January 7, 2011
From Gary Reiswig’s review of The Anti-American Manifesto in The East Hampton Star:
Competently published and well written, Ted Rall’s “The Anti-American Manifesto” reveals an angry writer.
He’s angry that President Obama has no inclination “to push for the sweeping reforms that might save American late-stage capitalism from itself”; he’s angry that Obama has continued the Bush wars in Afghanistan and Iraq that have killed an estimated one million people; he’s angry that “environmental apocalypse” looms just around the corner and few people have the will to do what is necessary to stop it or even slow down its arrival; he is angry at corporations, including “big sharks of capitalism” who “pay themselves millions in bonuses while firing workers,” and he’s angry that many who may agree with him aren’t talking about the dangerous predicament of our country.
On the first page, he states openly: “The government has become so undemocratic and unresponsive that the only reasonable means of opposing it is to strive for its violent overthrow.” On the other hand, he insists he will not lead a revolution. “I want you to think, damnit! Figure out for yourself what is wrong.”
But, again, returning to the possibility of violent revolt, speaking about what it would have taken to prevent bailed-out corporations from awarding millions of dollars in bonuses to high-paid executives with common taxpayer money, the author asks, “What would a hundred thousand angry New Yorkers armed with bricks (or guns) be able to accomplish?” The author believes the U.S. as it is today will not survive much longer. And when the government and economic system collapse, it will be “Us” against “Them” for control. He defines “Us” as “Hard-working, underpaid, put upon, thoughtful, freedom-loving, disenfranchised, ordinary people.” And “Them” as “Reactionary, stupid, overpaid, greedy, shortsighted, exploitative, power-mad, abusive politicians and corporate executives.”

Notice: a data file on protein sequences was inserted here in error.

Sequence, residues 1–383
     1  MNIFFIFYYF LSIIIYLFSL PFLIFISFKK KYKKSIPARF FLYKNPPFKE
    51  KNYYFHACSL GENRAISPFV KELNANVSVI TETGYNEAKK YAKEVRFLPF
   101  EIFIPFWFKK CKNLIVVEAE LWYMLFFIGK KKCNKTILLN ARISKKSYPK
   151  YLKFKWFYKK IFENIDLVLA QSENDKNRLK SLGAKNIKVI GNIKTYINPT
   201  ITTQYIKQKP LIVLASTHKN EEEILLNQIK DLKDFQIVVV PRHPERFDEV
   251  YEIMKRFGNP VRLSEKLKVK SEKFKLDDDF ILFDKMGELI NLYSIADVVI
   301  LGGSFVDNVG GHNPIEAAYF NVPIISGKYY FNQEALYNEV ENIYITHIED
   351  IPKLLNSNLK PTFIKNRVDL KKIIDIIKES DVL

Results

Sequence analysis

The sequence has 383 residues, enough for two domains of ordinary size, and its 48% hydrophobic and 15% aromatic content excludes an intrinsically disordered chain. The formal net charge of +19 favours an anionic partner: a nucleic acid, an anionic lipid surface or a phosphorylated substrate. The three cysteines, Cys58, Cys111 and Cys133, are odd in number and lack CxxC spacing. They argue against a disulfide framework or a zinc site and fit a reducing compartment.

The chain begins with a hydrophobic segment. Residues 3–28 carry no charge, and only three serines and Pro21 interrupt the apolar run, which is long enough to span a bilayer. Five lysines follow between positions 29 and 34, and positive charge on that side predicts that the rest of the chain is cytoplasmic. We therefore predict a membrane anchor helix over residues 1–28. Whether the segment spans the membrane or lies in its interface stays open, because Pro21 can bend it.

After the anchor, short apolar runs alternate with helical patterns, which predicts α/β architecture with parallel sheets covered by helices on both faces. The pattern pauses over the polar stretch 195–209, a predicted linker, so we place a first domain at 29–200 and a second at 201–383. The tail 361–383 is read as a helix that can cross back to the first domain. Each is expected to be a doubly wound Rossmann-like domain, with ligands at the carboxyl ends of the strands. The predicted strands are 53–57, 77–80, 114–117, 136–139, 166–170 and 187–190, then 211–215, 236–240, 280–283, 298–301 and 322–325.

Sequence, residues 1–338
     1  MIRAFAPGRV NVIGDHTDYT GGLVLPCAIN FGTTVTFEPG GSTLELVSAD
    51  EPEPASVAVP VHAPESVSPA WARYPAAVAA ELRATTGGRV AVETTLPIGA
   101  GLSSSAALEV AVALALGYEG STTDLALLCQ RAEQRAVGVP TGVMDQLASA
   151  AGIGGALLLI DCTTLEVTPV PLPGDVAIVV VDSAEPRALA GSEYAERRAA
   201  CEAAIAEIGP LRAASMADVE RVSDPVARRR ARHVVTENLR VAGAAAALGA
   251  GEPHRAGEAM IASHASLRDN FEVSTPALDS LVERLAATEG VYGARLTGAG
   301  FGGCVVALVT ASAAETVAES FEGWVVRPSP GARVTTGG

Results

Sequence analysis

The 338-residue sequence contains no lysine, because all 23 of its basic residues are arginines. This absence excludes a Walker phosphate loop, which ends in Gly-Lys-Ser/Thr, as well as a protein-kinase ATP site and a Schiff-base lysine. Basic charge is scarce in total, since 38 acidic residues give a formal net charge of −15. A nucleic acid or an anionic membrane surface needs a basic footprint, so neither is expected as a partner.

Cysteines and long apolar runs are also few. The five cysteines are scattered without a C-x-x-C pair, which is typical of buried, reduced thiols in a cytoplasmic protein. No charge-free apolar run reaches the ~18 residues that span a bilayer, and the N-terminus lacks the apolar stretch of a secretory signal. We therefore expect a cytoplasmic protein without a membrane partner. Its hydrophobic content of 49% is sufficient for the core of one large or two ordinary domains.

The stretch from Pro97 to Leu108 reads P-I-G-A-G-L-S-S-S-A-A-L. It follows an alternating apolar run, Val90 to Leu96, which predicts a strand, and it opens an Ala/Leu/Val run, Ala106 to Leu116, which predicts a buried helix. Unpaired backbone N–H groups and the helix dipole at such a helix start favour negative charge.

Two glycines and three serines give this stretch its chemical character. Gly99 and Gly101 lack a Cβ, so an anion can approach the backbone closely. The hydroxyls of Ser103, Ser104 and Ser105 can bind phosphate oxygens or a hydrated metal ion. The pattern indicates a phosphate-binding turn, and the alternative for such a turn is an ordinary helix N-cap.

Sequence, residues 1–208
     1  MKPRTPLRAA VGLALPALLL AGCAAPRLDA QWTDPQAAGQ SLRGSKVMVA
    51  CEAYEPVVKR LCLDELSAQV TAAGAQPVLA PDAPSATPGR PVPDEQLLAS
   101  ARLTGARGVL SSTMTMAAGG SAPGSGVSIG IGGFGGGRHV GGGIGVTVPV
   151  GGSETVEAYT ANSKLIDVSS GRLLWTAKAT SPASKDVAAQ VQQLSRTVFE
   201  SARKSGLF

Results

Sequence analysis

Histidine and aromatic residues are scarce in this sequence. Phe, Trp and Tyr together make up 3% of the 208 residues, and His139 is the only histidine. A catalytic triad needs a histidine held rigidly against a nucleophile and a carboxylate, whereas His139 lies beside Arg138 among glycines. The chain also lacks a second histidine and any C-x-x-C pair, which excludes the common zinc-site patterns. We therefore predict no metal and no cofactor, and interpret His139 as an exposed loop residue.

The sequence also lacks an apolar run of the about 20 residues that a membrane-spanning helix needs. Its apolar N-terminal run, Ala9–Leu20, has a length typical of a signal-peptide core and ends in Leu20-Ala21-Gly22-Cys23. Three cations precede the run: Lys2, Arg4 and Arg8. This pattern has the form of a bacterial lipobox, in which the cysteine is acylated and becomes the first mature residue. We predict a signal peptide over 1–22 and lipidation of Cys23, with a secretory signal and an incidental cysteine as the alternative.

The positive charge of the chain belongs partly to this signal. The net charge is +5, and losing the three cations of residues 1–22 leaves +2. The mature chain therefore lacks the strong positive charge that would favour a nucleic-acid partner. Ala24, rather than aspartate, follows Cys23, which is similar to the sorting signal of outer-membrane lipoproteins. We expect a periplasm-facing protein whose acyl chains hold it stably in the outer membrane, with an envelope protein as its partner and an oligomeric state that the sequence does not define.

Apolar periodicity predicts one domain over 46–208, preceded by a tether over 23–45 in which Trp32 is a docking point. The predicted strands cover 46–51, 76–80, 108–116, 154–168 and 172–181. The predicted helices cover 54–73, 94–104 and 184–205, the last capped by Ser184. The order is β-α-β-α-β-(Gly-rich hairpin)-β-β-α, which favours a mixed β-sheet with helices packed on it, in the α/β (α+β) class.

“The Us,” he further explains, means the people who favor a secular nation and agree that the great disparity of wealth between the rich and the poor must be changed, and that a world economy based on exploiting the earth’s resources to make consumer goods that people must be convinced they need must not be sustained.
“The Them,” he further explains, are racist and religious fundamentalists who want to form an ethnically white Christian country with a religious agenda similar to the agenda of the fundamentalist Muslims our troops are killing in Iraq and Afghanistan.
Mr. Rall observes that the radical filmmaker Michael Moore believes that a “solution should fall short of revolution.” But the author asks, “Why shouldn’t we have a revolution? Isn’t it obvious that nothing short of revolution can fix a system impervious to reform?”
Read the rest of the review at the East Hampton Star website.